[all singing] - Stop the beat. <i>KAELYN: Nothing is more valuable</i> <i>than people’s attention.</i> [all cheering] KHAMYRA: Who next? <i>KAELYN: Attention is time—</i> [all shouting excitedly] - All right, ready? <i>KAELYN: And time is money...</i> TRAY: One, two, three, four, five, six! <i>KAELYN: And money is power.</i> - ♪ And my vid got a million views ♪ ♪ Phones out when I walk in the room ♪ ♪ All these dollars meant I just want the blues ♪ all: ♪ Million times, they’re born anew ♪ <i>KAELYN: If you’re gonna make it on the Internet,</i> <i>you need to strike fast.</i> <i>♪ You got me sprung up in the springtime ♪</i> <i>♪ or you’re free time ♪</i> <i>One of the best ways</i> <i>is to join with other people</i> <i>who wanna do the same thing, to collaborate.</i> - Come on, Khamyra, let’s go. - All right, all right. [rapping indistinctly] NOAH: Let’s go! Let’s go! Okay! <i>KAELYN: But the challenge is making it in an industry</i> <i>that’s not made for us.</i> [all speaking at once] <i>[pensive music]</i> <i>♪ ♪</i> - I cannot believe there’s 100 million supporters following me right now. <i>REPORTER: Addison Rae, Josh Richards.</i> <i>REPORTER: Charli D’Amelio.</i> - It’s weird that people know my name. <i>REPORTER: The big business of being an influencer.</i> - The influencer industry is exploding, and it is worth billions of dollars. - You guys mean the world to me. Um, I can never say it enough, ‘cause you guys literally changed my life. <i>KEITH: If you get a massive number of followers,</i> <i>companies will see this,</i> <i>and they’ll see your reach and wanna market themselves,</i> <i>their product, through your platform.</i> - Hey guys, it’s Charli. - You literally are a walking advertisement. - This is pretty good. It’s my everyday drink. I love it. - Hey y’all, it’s Addison. <i>REPORTER: This is the future of the economy.</i> <i>This is where businesses are going.</i> <i>- A lot of the influencers are starting to charge</i> <i>a lot of money,</i> <i>like, 2,000, 3,000 $4,000,</i> <i>to do a post.</i> - Yummy. - We started noticing these creative houses popping up all over in LA. - Welcome to the Clubhouse. - To the Triller House. <i>REPORTER: If you’re part of the Hype House,</i> <i>everyone has to make</i> <i>three TikTok videos a day.</i> <i>KEITH: And I noticed that their numbers</i> <i>were going crazy.</i> FILMER: Go. Yeah! - Yeah - But the thing is, there was almost no diversity in any of these houses, and really all of them was basically mainly all white. - Hype house, sway house, alpha house, the triller house. <i>KINSEY: And I’m so excited</i> because I officially just joined the Clubhouse. <i>KEITH: So I decided to bring together</i> <i>eight talented Black creators here in Atlanta</i> to start our own content house. <i>[upbeat music]</i> <i>KAYCHELLE: This was not the plan.</i> <i>Before the pandemic, I was working at two jobs,</i> <i>and I was going to school full-time.</i> Get up, do it again every single day. SINGER: ♪ I know you don’t like me ♪ ♪ You wanna fight me ♪ <i>KAYCHELLE: TikTok changed my life.</i> <i>SINGER:</i> ♪ Okay, I’m bored in the house ♪ ♪ And I’m in the house bored ♪ <i>KAYCHELLE: When I realized I could get paid from TikTok,</i> my life went from here to, like, here. Like... So I wanna set up my future. <i>KAELYN: This is more than just kids</i> <i>making videos on the Internet.</i> <i>This is the new American dream.</i> <i>It’s one of the best ways to make it big right now,</i> and this is my best shot at getting there. <i>ROB: All the biggest social media stars was in LA,</i> and it was just like, “Damn, okay, I’m finna go to LA.” <i>But it was hard. I’m fat.</i> <i>I’m Black.</i> <i>[“Lacrimosa” from Mozart’s “Requiem in D Minor”]</i> They thought I was a drug dealer. They thought I was this, that, and the third. I’m like, “No.” A rapper? I’m like, “No, I’m a social media influencer just like y’all.” <i>KHAMYRA: I wanna achieve financial independence,</i> and I feel like TikTok can help me with that. <i>TRAY: I don’t wanna be just an influencer.</i> <i>I wanna create a business that</i> <i>can thrive and be successful.</i> That’s really my main goal. <i>THEO: My main problem is getting shadow banned,</i> <i>where, when I post videos,</i> <i>it doesn’t get as many views as it should get.</i> <i>The algorithm doesn’t push it as much as it usually does.</i> And I think that’s the problem that a lot of Black creators usually go through. <i>ONEIL: I’m a dance creator.</i> <i>I make dance challenges.</i> <i>[hip-hop music]</i> <i>Being a content creator and a dancer,</i> I’ve seen situations where Black creators don’t really get credit for their talent and what they can actually do. <i>NOAH: It’s so many people</i> <i>who could have the potential to go viral,</i> <i>and they weren’t getting that opportunity.</i> The reason that this house is so significant is because on social media, Black people haven’t got what they deserved yet. <i>[light chime music]</i> <i>♪ ♪</i> <i>[indistinct voices]</i> KEITH: Okay, so everybody here? - Yes. KEITH: Okay, so at the end of 90 days, everyone should be definitely well over a million followers on each platform. YouTube, TikTok, and Instagram. <i>So the first 90 days is super important</i> <i>because social media is very volatile.</i> <i>One minute, they’re excited about you,</i> <i>and the next minute, they’ve moved on to the next thing.</i> <i>So if you don’t make it in 90 days,</i> <i>you’re probably not gonna make it in this industry.</i> Also, my goal is to secure, like, that mainstream brand deal, like, a Coke. So I wanna know where you guys wanna go. - Rob? ROB: Um... Make 10K to 30K residuals a month from YouTube and Instagram, 1 million followers on IG, write a movie, network, shoot every day, pray to God, and don’t take shit from nobody. ONEIL: I wanna hit a mil on everything ‘cause I already feel like I’m behind, so I feel like I gotta work a little bit harder. TRAY: I really just wanna create generational wealth for my family ‘cause I don’t wanna see my mom working no more and really just wanna be that person that, like, my family look up to, and just, like, yeah, “He—he really changed all our lives.” You know what I’m saying? KEITH: Anybody else? KAYCHELLE: I’m excited, but I’m nervous. Where I come from, I didn’t get things handed to me. I had to work for everything that I got. So this is all I got. So it should never be a point where we’re too comfortable, because all of this can be taken away like this. [all speaking at once] - My goal— you wanna know what my goal is? My goal is to buy this house. What y’all gonna do? Hey, neighbor. What’s up? I’m in the homeowners’ association. We’re meeting. <i>[peppy repetitive music]</i> <i>ONEIL: We still thinking about where we gon’ put everything.</i> - I never lived in a house this big. - A king-size can go here. - I need blinds for these, lowkey, though. - The east wing and west wing. I’m gonna get this room pimped out. <i>♪ ♪</i> - Hey, here... [both laugh] [distant echoing laughter] - I don’t have a drawer, so I was just folding my jeans and putting them here. <i>I’m from Baltimore, and I drove</i> <i>all the way down here nonstop</i> because Atlanta is, like, the new Black Hollywood. <i>I love social media, but I wanna end up on TV and movies.</i> <i>So I was planning on just doing auditions,</i> but then when I realized that I can use social media, I was like, “Oh, snap. This is easier.” Yeah, I’m about to just run a couple of errands, and then we’ll be right over there. Let me drive. Hell no. <i>I do these little skits.</i> One of the skits is the three best friends. Come on. Switch. Come on, let’s go. <i>Basically, I’m in the car with myself.</i> Got me in the back seat in my own vehicle. Okay. Aah! They’re all me and how I feel. Bro, stop-stop— Girl in the back seat is the one who says stuff that people would not usually say out their mouth. Hey, yo, shorty with the— Stop. Shut up. <i>It feels so free to be that character</i> <i>and not have anybody judging me.</i> But if I’m ugly, y’all ugly, too, ‘cause we look alike. <i>[inaudible]</i> <i>Welcome back to my channel.</i> <i>If you do, make sure you like, comment, subscribe—</i> <i>This right here</i> <i>can literally be the stepping stones</i> <i>to a better life,</i> but I’m afraid to fail. I’m afraid to be a one-hit-wonder. I’m afraid to come— like, I came out here on—on—on faith, and I’m afraid to have to go home and tell them I didn’t make it. - Guess what? I have a secret to tell. I’m finna sing for you. ♪ Some people want it all ♪ ♪ But I don’t want nothing at all ♪ ♪ If it ain’t you, babe ♪ <i>♪ ♪</i> - Khamyra. Good morning. <i>Being a part of a Black creative crib...</i> You’re missing the show. <i>There’s a lot riding on us.</i> We don’t get a second chance at this. How’s everybody’s analytics doing like? - My view on TikTok going down, but they’re not as bad as they used to be, like, between 80, 100k. - My TikTok fluctuates. One video I did 2,000 views, but one video I did 2.9 million videos. - Damn. Can we get something on Instagram? I need help. - Yeah, yeah, I got you. <i>♪ ♪</i> - [sighs] This is gonna sound crazy, you guys, but I originally started the half and half because I am a darker individual. Like, my skin tone is darker, I’m a Black woman, on TikTok, and the algorithm likes bright things. So in order to brighten myself up to do battle on the algorithm, that’s why I did the half and half. In most of my TikToks, my hair is always flipped, but when I shoot like this... I don’t know. The algorithm doesn’t really like me. So I noticed that brighter colors do better on social media, but yo... The hair—I wanna dye it back black, kind of, but I know—I don’t know how my numbers are gonna react to it. KAYCHELLE: C’mon. Can we do this real quick? - One second. This is my intro, guys. Excuse me. So today the boys are doing our makeup. I’m gonna look like Rihanna. - I’ma look like Beyoncé. - And Rob’s judging. <i>When you’re busy worrying</i> <i>about things like the algorithm,</i> <i>it makes you wonder if you’re being paid less</i> <i>because of your appearance, and it also makes you wonder</i> <i>if you’re just not being chosen at all.</i> - This is not lipstick. It’s eye shadow. - That’s for glitter [inaudible]. You’re not doing it right. <i>NOAH: Everybody in the house is constantly thinking</i> <i>about how they can be successful on social media</i> <i>as a Black creator,</i> but I’ve never been one that’s oh, white versus Black because personally I’m biracial. <i>My mom is white, from Germany,</i> <i>and my dad is straight Black from Alabama.</i> So in my mind, it could only go bad if I let it. All right. Three, two, one. BOTH: Good, y’all? - It’s your boy, Noah Made SMK, back with another bang, and man, look, chill. I’m being way too loud once again because today, today your boy is about to be running up <i>the first prank on the Collab Crib girls, man.</i> - Look at this. NOAH: We about to prank the girls. It’s about to go crazy So right here, we got a Gucci bag. GIRLS: [cheering excitedly] - Go ahead and open y’all your new Gucci up. - Ready? ALL: Two, three. - I don’t like— - Oh, okay. BOYS: Ah! - I knew it. I knew it. - They mad. They mad. They mad. Y’all really thought y’all was getting some Gucci, huh? <i>Moving into this Collab Crib,</i> <i>social media went from a hobby to a full-time career.</i> BOYS: Team boys! Team boys! Team boys! - At the moment, based on how fast I’m growing right now, on a good month, TikTok might pay anywhere between 4 and $5,000 if I’m getting the right amount of views. <i>Half of it comes from TikTok just paying me to make videos</i> <i>and get views on the app,</i> <i>and the other half comes from promo deals.</i> <i>I just wanna get to the point where money is not something</i> <i>that needs to be on my mind anymore,</i> <i>where I don’t have to worry about money</i> <i>and no one in my family does</i> <i>‘cause I feel like</i> money is probably the main reason that people’s lives don’t go the way they want it to. <i>[upbeat mischievous music]</i> <i>♪ ♪</i> - [sighs] Man. <i>As a Black man,</i> <i>generational wealth is important to me</i> <i>because not a lot of us have it, you know,</i> <i>and—and I see other cultures</i> <i>and how they provide for their families.</i> Yo, yo, yo. What’s going on? I was gonna bring some of my clothes. You know, we still ain’t got no washer or dryer right now. MOTHER: Oh, you just kinda, like— - I’m kinda thugging it with the clothes right now. - Okay. <i>TRAY: Before I got into social media,</i> <i>I was studying to be a nurse.</i> - Him changing career choices on me. - She was very worried at first. - He definitely gave me a shocker. - But once I finally started actually making money from it and she saw it... - To see the amount of money I’m like, <i>“Is this legal? Is this—”</i> You know, what—-what is this? Where this coming from? - I was just like, “Look, Mom. Go get your nails done, go get your hair done.” Look, I told you I got this. - I just don’t want him to wake up five years, ten years from today and realize, “Where’s my retirement plan? Where’s my plan of longevity?” - I’m definitely gonna prove you wrong. Definitely. It’s built in me. You can’t stop what is built in me. [low whirring] [device beeps] [device beeps] <i>KAYCHELLE: I usually write in a journal my goals</i> <i>and what I wanna accomplish.</i> <i>Or even, sometimes,</i> <i>if I’m going through something,</i> <i>I’ll write down how I feel.</i> <i>[somber music]</i> <i>I grew up with my grandmother basically raising me.</i> <i>So it was me and my two little sisters,</i> <i>Lanya and Jaylen.</i> <i>It’s, like, we were very close.</i> <i>After my grandmother passed away,</i> <i>me and my sisters</i> <i>was basically by ourselves all the time.</i> Like, we were, like, mothers to each other as much as we were sisters to each other. <i>One day, my little sister Jaylen passed away</i> <i>at the age of eight to a brain aneurysm.</i> <i>It was like I lost a sister and I lost, like, a child</i> <i>because I helped raise her.</i> The pain that I went through that was the worst pain I ever experienced. Like, even now, like, <i>all this stuff that’s happened, I’m so happy,</i> but I go through times where it’s, like, “Dang, like, I wish I could share this with her, and I wish that she was here to see me succeed.” One of these days, I’ma pull up in a nice car, and I’ma tell you I made it. One of these days, I’ma pull up with the biggest bouquet. You see all these flowers? Jaylen, your flowers gon’ be so damn big, they gon’ have to move everybody over ‘cause that’s just how— how much I’ma have made it. You gon’ be— you gon’ be shitting on the whole graveyard. You know what I mean? One of these days. One of these days. <i>[serene music]</i> <i>♪ ♪</i> - Yo. - What’s up, brother? - What’s going on, Keith? - What’s up, bro? - So I’m doing the 90-day checkups. We’re technically halfway through. How are you feeling about everything? NOAH: So we’re the team in this business, so we gotta move like a team. I feel like I need to just start making better decisions with that mindset. - I still feel behind from everybody. I still feel like I can do ten times better. - Um, I could definitely be working harder, just putting in more work, more time. - What is this? What kind of phone is this? - It’s a 10. KEITH: What? Y’all making money? Upgrade your phone. Other than your life, this is the most valuable asset to you. Like, looking at your numbers, like, 71.3. That should piss you off. I need to be at 250K. What’s stunting your growth is the quality of the content. He’s at 1.1 million. You know why? <i>[spacey hip-hop music playing]</i> So he’ll turn dance videos into content. So he walked up on these girls and just started dancing. <i>♪ ♪</i> You see what I mean? It’s like a wow factor. So people watching that. You’ve been doing this YouTube thing for how long? NOAH: Since I was a freshman, like, four or five years. - Four or five years, and these new people? NOAH: Just come in. - Come in and boom! Oh, that should anger you. You have to sell yourself. You got to sell your—your dreams, your idea. Your family—you have the most supportive, beautiful family ever. Then make them proud. So you have to think about that... every day. - Okay. <i>[pensive music]</i> <i>♪ ♪</i> ONEIL: [beatboxing] As a dance creator, I don’t just dance. I actually make dances. Like, I make dance challenges. <i>When a challenge takes off, your fan base grows a lot.</i> <i>People take it so serious because it’s, like,</i> <i>people blow up from that.</i> <i>Followers go up.</i> <i>Like, it could change your life.</i> <i>About last year sometime, I made a challenge</i> <i>by DaBaby song “Vibez“.</i> If y’all ever saw this challenge, it was like, mm, mm, mm, mm. <i>BABY:</i> ♪ Get another bitch ♪ ♪ Got her riding dick and screaming yeehaw ♪ ♪ Make me proud, girl, you a cowgirl ♪ - ♪ Did a handstand, I’m like, wow girl ♪ ♪ Mm upside down, boom, boom ♪ ♪ Bow, bow ♪ So like, I made that challenge, right? <i>Posted it on Dubsmash. Like, Dubsmash made</i> <i>most of the dances people do today on TikTok.</i> <i>One day, I started getting text messages on my phone</i> like, “Neil, bro, “your challenge is blowing up on TikTok. “Like, little Huddy did your challenge. <i>Addison Rae, Charli.”</i> <i>Like, all of them did the challenge.</i> Like, this was big. Like, dang, all of these folks hit my challenge on TikTok. I’m like, “What?” So I started commenting. <i>I started commenting on, like, some of the people, you know,</i> <i>“Thanks for hitting my challenge,”</i> <i>but ain’t nobody notice me.</i> I didn’t even get one like on my comments <i>And I just seen everybody just doing my challenge,</i> <i>and I’m getting no credit for it.</i> <i>♪ ♪</i> I was like, “Bro, like, really?” <i>Like, they just gon’ steal my challenge,</i> <i>and I get no credit for it? Like, none.</i> <i>[moody guitar music]</i> <i>I definitely feel like I have the talent</i> <i>to—to go really big.</i> <i>You know, I know I could have been further</i> <i>if I got that credit,</i> <i>could’ve had so many opportunities after that.</i> There’s a lot of influencers and a lot of Black creators out here that made dance challenges that haven’t gotten the recognition they need to. <i>I was making challenges back to back after that.</i> <i>I just started dropping challenges</i> <i>and kept dropping challenges,</i> and I’ma keep dropping challenges. So yeah. <i>♪ ♪</i> [people talking indistinctly] <i>BARRIE: Hi. How’s it going?</i> - Everything’s great. <i>BARRIE: All right. So I owe you guys merch.</i> <i>KEITH: Barrie Segal</i> <i>is an executive at Dubsmash,</i> <i>one of our sponsors.</i> <i>BARRIE: The money should be in flight right now.</i> <i>KEITH: It’s been a huge challenge</i> <i>to get financial backing and ad deals.</i> <i>- How are the creators doing?</i> - I just kind of let—let them handle their own stuff. <i>We spoke to one company about furnishing our house,</i> <i>and we were declined, and they said that,</i> “Hey, you guys don’t match our demographic at the moment.” And I was like, “What does that even mean?” <i>I’m, like, shocked every time ‘cause their numbers are hot</i> and they actually produce really dope content, you know? What are they doing wrong? <i>[pensive music]</i> <i>♪ ♪</i> <i>KINSEY: What’s up, guys? Kinsey here.</i> <i>I do the craziest stunts and pranks online,</i> <i>and I’m so excited</i> <i>because I officially just joined the Clubhouse.</i> <i>INFLUENCER: Hey, what’s up, you guys?</i> <i>I’m Melissa, and today, we’re giving you a house tour.</i> <i>So let’s go. And welcome to my room.</i> - Oh, nice. <i>- Pretty basic.</i> <i>My closet’s over there if you wanna go check out—</i> <i>NOAH: All they rooms are really well furnished.</i> - That’s our pool. - Oh, it’s fat. I even ain’t gon’ lie. <i>MELISSA: We’re gonna go on to the third floor.</i> This is where we film all of our TikToks. <i>NOAH: They got a great light.</i> <i>KAYCHELLE: Damn, the lighting is the best.</i> <i>- Get the hell outta my house.</i> - You know how much you could do with this? NOAH: And now we got the Sway House. Let’s check it out. - Damn boy, these houses is crazy. NOAH: Yeah, light houses hit different. I ain’t gonna lie. [influencers yelling] - Come on in to the Triller House! - Damn. <i>INFLUENCER: This is my Tesla.</i> - Yo, Bryce, hey. [all speaking at once] - Look at those bathrooms. - What? <i>- This is my room.</i> <i>If you look to the left here,</i> <i>that’s my living room within my room.</i> - I ain’t seen a Black person yet. KAYCHELLE: That’s my thing. I haven’t seen no Black people at all. - There were some Asian people in the first one. - Where are the colored people? - Asian is Caucasian? KAELYN: Asian is not Caucasian, but— - And them twins were— the twins! KAELYN: They’re mixed. I’m sorry. I know you are mixed as well, but you can’t throw no one in there like me. They’re gonna be like, “Damn what the hell?” She does not fit in. She is too dark.” Next. NOAH: All right now, this is the Clubhouse. They doing the most, though. Like, this super cinematic. <i>But what shot he at?</i> <i>[laughter]</i> Abbie Rao? Hello. KAYCHELLE: What? KAELYN: How? KAYCHELLE: What did they do to get here? <i>KAELYN: How is they getting these budgets?</i> <i>NOAH: Probably get the sponsors</i> <i>from big companies.</i> - I hate to say it, but we’re, what, how many months in, and where the furniture at? KAELYN: Yeah, there is no furniture. What is it about us that isn’t good enough or good? Like, you know, why can’t we equate or elevate or like, you know, even be as equal? NOAH: But who says we aren’t, though? Like, just ‘cause they got a nicer house than us or some more furniture, like, we still doing the same stuff. - Exactly, but you’re— NOAH: And if anything, we want it more than them ‘cause we not getting all these little handouts— - Yeah, we want it more, but still, we’re not equals still, so— KAYCHELLE: This is the thing. If I do something and somebody who is Caucasian who was a creative with the same amount of followers did the same thing, their views are gonna be higher than mine. Why? NOAH: I don’t make the app. I don’t know. KAYCHELLE: Me and somebody who is Caucasian go for the same job position and we have the same résumé, they will have a better chance to get hired. Why? They would get paid more money. Why? - You expect me to know that? - No, I’m asking you, you ever thought about stuff like this? KAELYN: You don’t feel disadvantaged at all? NOAH: Why would I feel disadvantaged? - You don’t feel as if you’ve ever been discriminated against because of your Color of your skin. KAYCHELLE: Color of your skin or your race? - I mean, obviously there’s been people in my life who just did something ignorant and obviously racially profiled me or just said something that wasn’t the nicest thing to say, but I don’t care about that at all. Like, that was literally due to their ignorance, but when it comes to this— KAELYN: Okay, so it doesn’t upset you that you get paid less? - No, I’m not— - Or even, even—okay, let’s take out this whole social media thing. Let’s talking about the— being a Black man in America, and police brutality and all this stuff. None of that—none of that bothers you? - No, obviously that’s a problem. - Exactly, and that’s what we’re talking about. The color of your skin affects you as an individual. NOAH: I mean, that’s your way of thinking. That’s just how you thinking about it, but I know that for a fact that I can do exactly what they do, and I don’t need any help. - Okay, so you think you don’t work for anybody? Do who—do you work for anybody? NOAH: I work for myself. - No, you don’t. You work for YouTube. You work for Instagram. You work for TikTok because we don’t own the apps. NOAH: I own the content that gets posted. -You don’t. Have you ever read the contract? You don’t own your content. They’re allowed to use the content to their discretion. Secondly, if they wanted to suppress our content... KAELYN AND KAYCHELLE: They can do that. NOAH: No matter what— KAELYN: You’re gonna work, work, work, work. I get that. NOAH: No, no. No, just let me talk. I’m saying— KAELYN: I see you. I understand what you’re saying. - I get what he’s saying, but he’s not getting what we’re saying. - I just said I understand what y’all saying. - Who owns YouTube? KAYCHELLE: White people. The white man. NOAH: Didn’t your account just get deleted? And what did you do? - Who did I have to speak to? The white man. The white man. Do you not understand? I had to ask and beg for my account back from the white man. You’re not getting— KAELYN: For doing nothing. - For doing nothing! - Do you realize that happens to a lot of YouTubers? - I had to beg the white man to get my account back. Do you—is that not a problem? Do you not understand that? - Can we add somebody to this? KAYCHELLE: Theo. NOAH: Where Theo at bro? KAYCHELLE: Theo. NOAH: Bro, please come here, bro. So pretty much, we just got done reacting to, like, three different LA house videos— KAYCHELLE: My thing is, do you feel like you have a disadvantage as a Black creator? - Of course. NOAH: When y’all asked me, “Is there a disadvantage?” I said, “Yes.” Those instances might come up, but I’m gonna adapt, overcome, and move on. THEO: You not gonna let it affect you, but sometimes it’s like stuff that affects you that’s not even in your control whether you let it or not. NOAH: Like what? - Like shadow banning. Being shadow banned on TikTok just ‘cause of your skin color. You cannot—you can’t control that at all, but you can’t let it—you’re not gonna let it affect you mentally, but it’s still stuff that you can’t control that still gonna be a disadvantage regardless. - But I’ve been shadow banned. I just bounced back. Like, if it happens, oh, well. Oh, well. THEO: What they’re saying is, like, just don’t blow past it like it’s not a big deal. You’re just saying, like, “All right, that’s cool, and I’m finna keep doing what I’m doing.” - What—okay. That’s what y’all saying? KAYCHELLE AND KAELYN: Yes. - So after we just watched this video with all these white YouTube—YouTubers and these big-ass houses, what does that make you wanna do now? - It makes me do what I’ve been doing, but— THEO: All right, y’all aren’t being specific on exactly what y’all wanna do about it. - Yes. KAELYN: What do you mean? We’re addressing it. - Bring awareness to it. KAELYN: You have to bring awareness to it. KAYCHELLE: Think about all the other Black kids who are dealing with it. Like, you wanna be a voice for them. Have you ever dealt with, like, racial inequality in real life? KAELYN: Of course he has. [all speaking at once] - I don’t think he ever had to physically deal with it. Like, somebody really, like—well, like— - Like, somebody really just, like, looked at you and, like, called the cops on you just ‘cause, ‘cause of your skin color. - No, that never happened to me. - That’s what I’m saying. - Exactly. - You haven’t experienced it. - So because I haven’t experienced that and y’all have, I’m supposed to conform to y’all’s mentality because— KAELYN: No, it’s not conforming. It’s being—listen, you have a piece of Black in your soul, honey. You need to not conform, but you need to recognize what your people are dealing with. NOAH: And I literally have said for the tenth time now I highly acknowledge everything that’s going on. I see that Black people are— - But you sound like every white person ever. “Oh, I acknowledge that people are being brutally shot. “I acknowledge this, I acknowledge that, but”—listen, “but it does not affect me. “So I can keep acknowledging it, and I’ma just keep working hard, right?” That’s—that’s it right there. You know what I’m saying? - And they got a point. - Theo—okay, Theo is your best friend. Yes? - I mean, they have— I’m not—I’m not—like, they have a point, but what, like, what are you saying against that? Like... - This whole conversation started out talking about Caucasian YouTubers that get treated better than all of the Black influencers, but when I see this, I can’t—I literally cannot do anything about it right now. The only thing that will make that change is if I work harder, get to the top, and then be that first Black influencer who making more than all the white people. You feel me? Like, you can’t do nothing but work harder, outshine them, and then, once you get to that point, that’s when you start bringing up everybody else. The people who never was getting this recognition because they were Black. That’s when you at the top, you say, “Oh, cool. We about to have an all-Black house now.” That’s what I’m saying. It’s all still gonna happen. It don’t matter how much you talk about it. It’s still gonna happen. If I go—If I go live on Instagram right now and—and I talk about every single injustice that’s ever happened in America and tell everybody that this needs to stop, I guarantee you, some messed-up shit probably gonna happen tomorrow. Ain’t nothing going to change. The only thing I can do is try to make this world better for me, and then, once the world is good for me, I can make it better for everybody else. But laying down and think about how bad it is— that’s literally just gonna make your life worse because it’s letting all those oppressions and stuff get to you. I don’t let it get to me. That is what I’m saying. If—if racism is a big-ass bully, I’m not letting him get to me. I don’t give a damn what he say. He can do whatever he wants, and it’s messed up, and when it’s wrong I’ma gonna speak on it and I’m gonna say this is not good, but I’m not gonna let that define my potential. That is what I’m saying. - How many times a Black creator has been canceled? - Every day. - Every damn day, a Black person is being canceled. NOAH: Who got canceled today? - All right. Okay. I’m done. KAYCHELLE: Are you hungry, friend? - Huh? Yeah, I’m hungry. You wanna get—get something? <i>[peaceful music]</i> <i>♪ ♪</i> <i>INFLUENCER: Why don’t you just bring it down?</i> <i>THEO: So pretty much,</i> there’s a new collab house in California, and they’re saying they’re the first Black TikTok house. - It says content house? [all speaking at once] <i>THEO: Kaelyn sent one of their videos</i> <i>to the group chat.</i> - When was that posted? - Yesterday. <i>She was like, “Yeah, we got to come harder</i> at this other TikTok house coming with the gay content.” They [inaudible]. That’s straight. I know that dude who be doing the skits. I think one of them girls looked familiar too. <i>It just made us realize</i> <i>we’re not the only ones that’s trying to do this.</i> - You can’t let that get to you. You still gotta keep the goal, tunnel vision. Yeah, it’ll keep us on our toes. We’re gonna have to come a little harder then. <i>[staccato string music]</i> <i>♪ ♪</i> <i>When I see other people trying to do what I do,</i> I look at it as, like, all right, this—the universe telling me, “Hey, you need to work harder, because this is somebody who wants it just as bad you.” What’s good, y’all? This is your boy, Noah Made SMK, <i>back again with yet another banger.</i> Off the back, double hand, cock back throw. <i>So look, if y’all enjoy, man,</i> be sure to just hit a fat like on this video. The collab houses and stuff— we kind of take that on as a team. - You know, I love how you writing on your notes. <i>NOAH: We say, how can we make us look better?</i> - Hey y’all. Kaychelle here, and welcome back to my channel. The girls are back at it again with another prank. TRAY: Burning your shoes and shit. NOAH: No! <i>KAYCHELLE: The whole strategy of the house right now:</i> we’re trying to drive traffic to everybody page. [screaming] <i>NOAH: Round one.</i> Neil versus Kaelyn. Hoods up. Fight. <i>KAYCHELLE: Do y’all have</i> <i>a whole YouTube video right here?</i> <i>They got it on their YouTube channels,</i> did a whole video. Make it a whole video. <i>[wind howling]</i> - Bless this food that we’re about to eat. Please let it nourish our bodies and our souls, right? - And recording. - Hey, yo what’s good, ma? <i>NOAH: Let’s step up the quality.</i> <i>Let’s use sound effects.</i> - Okay. - Like. - Comment. - Subscribe. - You cannot ever sleep on your competition ever. [hair dryers humming] - Feel like it’s ready. - [inaudible] - Kaychelle and I got a deal with a wig company. <i>We got to do promotion. Oh.</i> - Stop it. Move. - Oh, Kaychelle! <i>KAELYN: Things are going pretty well in the house.</i> - I think I posted, like, six of my TikToks on YouTube, and they all hitting 250k within the first three days. - Well, I’m getting a lot of new brand deals. <i>You just got this Instagram Reels promotion.</i> I wonder if he looks like this in person. <i>Oh, and I’m on some dating thing with Tray.</i> - Wow, you look just like your pictures. - You legit. We got a dating app deal. <i>Definitely progress.</i> - No cap. Right now, it’s hard being a Black creator. KAELYN: Yeah. ROB: But we stay true to ourselves and still made it as far as we can. KAELYN: Yeah. NOAH: You know what the hero’s journey is? THEO: Uh-uh. What’s that? NOAH: Every single story in the world, whether it’s a movie or a book, kind of follows, like, the same guidelines. So like, the main character— he’s—he’s in an uncomfortable place and then he has to adapt, and then he’s faced with a new task, like a dragon or something, and then once he kills the dragon, there’s a new task. There’s always gonna be a new problem, and you always gotta adapt and overcome, just like you said. So that’s facts. <i>[excited cheering]</i> - Let’s go! It’s starting, man! - Look, I’m about to react to myself on the news along with the whole gang. - Mama, you gotta watch it. ABC News, go to it right now. - Tell Daddy [indistinct]. Wake his ass up. - Welcome to the influencers of Atlanta. [all cheering] <i>REPORTER: ...with billions of views between them,</i> <i>and most importantly, they’re all Black.</i> <i>Meet the ATL’s hottest and newest industry.</i> <i>REPORTER: Collab Crib, a super-group of influencers...</i> <i>Do you feel like it’s your job</i> to put Black influencers on the map? - It is, yeah. Because it’s a struggle. <i>REPORTER: Meet the stars of the Collab Crib.</i> <i>KAYCHELLE: Everything kind of</i> <i>started dropping at the same time.</i> <i>REPORTER: The Collab Crib.</i> <i>KAYCHELLE: It’s back-to-back publicity.</i> - We’re the girls of— ALL: The Collab Crib. - Congratulations on 1 million followers. <i>KAYCHELLE: Rob has hit a million on Instagram,</i> <i>and that was a huge milestone.</i> ROB: I’m not gonna stop. Even [indistinct], I’m not gonna stop. - We’ve worked really hard to get these major brand deals, <i>like, NASCAR, Monster Energy, Nike.</i> [cheering] - We gonna go back to work. KHAMYRA: Yeah, we go back to work. <i>[pensive music]</i> - Kaelyn, I’m about to get in the car. <i>♪ ♪</i> Um, this is my new car. Her name is Journey. <i>For me, it’s more than a car.</i> <i>It’s being able to go back to Baltimore</i> <i>and visit my sister’s grave</i> <i>and show her how far I’ve came.</i> <i>I promised her that I would pull up in the nicest car</i> because I know she’s like, “Oh my God, I’m so proud of you,” you know? <i>KEITH: I just want to congratulate everybody.</i> We’ve finally reached the 90-day mark of being in this house, and I thank everybody. [applause] <i>♪ ♪</i> Data is so important. Numbers are so important. You have to be relevant. Once we reached the 90 days, <i>it doesn’t stop there.</i> <i>If one milestone is hit a million followers,</i> <i>guess what?</i> <i>There’s a 4 million-follower milestone.</i> <i>So we keep going because we’re doing this for the culture.</i> We’re doing this for Black culture. <i>It took us being on national television</i> <i>to get the attention of big companies,</i> <i>but our success was never a guarantee.</i> - Oh my God, Kaelyn. <i>KEITH: And Black creators still have to work</i> <i>so much harder to get what they deserve.</i> There’s still a fight. It’s—it’s technically really never over. <i>[peppy repetitive music]</i> <i>KAELYN: I have my own personal victory.</i> <i>♪ ♪</i> I changed my hair. It’s all black. <i>I feel more like myself than I’ve ever felt,</i> and I was kind of just like, “Screw the algorithm.” [laughs] <i>[pensive music]</i> <i>♪ ♪</i>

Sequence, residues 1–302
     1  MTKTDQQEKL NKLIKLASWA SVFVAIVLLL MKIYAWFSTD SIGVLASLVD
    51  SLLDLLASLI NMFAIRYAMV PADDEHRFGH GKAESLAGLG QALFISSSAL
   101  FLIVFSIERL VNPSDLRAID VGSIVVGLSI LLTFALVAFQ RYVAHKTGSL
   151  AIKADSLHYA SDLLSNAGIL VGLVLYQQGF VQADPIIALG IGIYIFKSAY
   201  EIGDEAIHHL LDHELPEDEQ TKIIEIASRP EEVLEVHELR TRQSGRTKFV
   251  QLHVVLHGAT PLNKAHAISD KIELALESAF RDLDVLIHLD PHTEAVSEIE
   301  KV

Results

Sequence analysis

Times Documentaries

Watch38:07

The New York Times Presents: 'Who Gets to Be an Influencer?'

January 27, 2022

Going viral has become big business, and a group of ambitious Black creators in Atlanta is challenging the mostly white social media stars of L.A. for influence. Watch full episode of The New York Times Presents, free for Times subscribers in the U.S.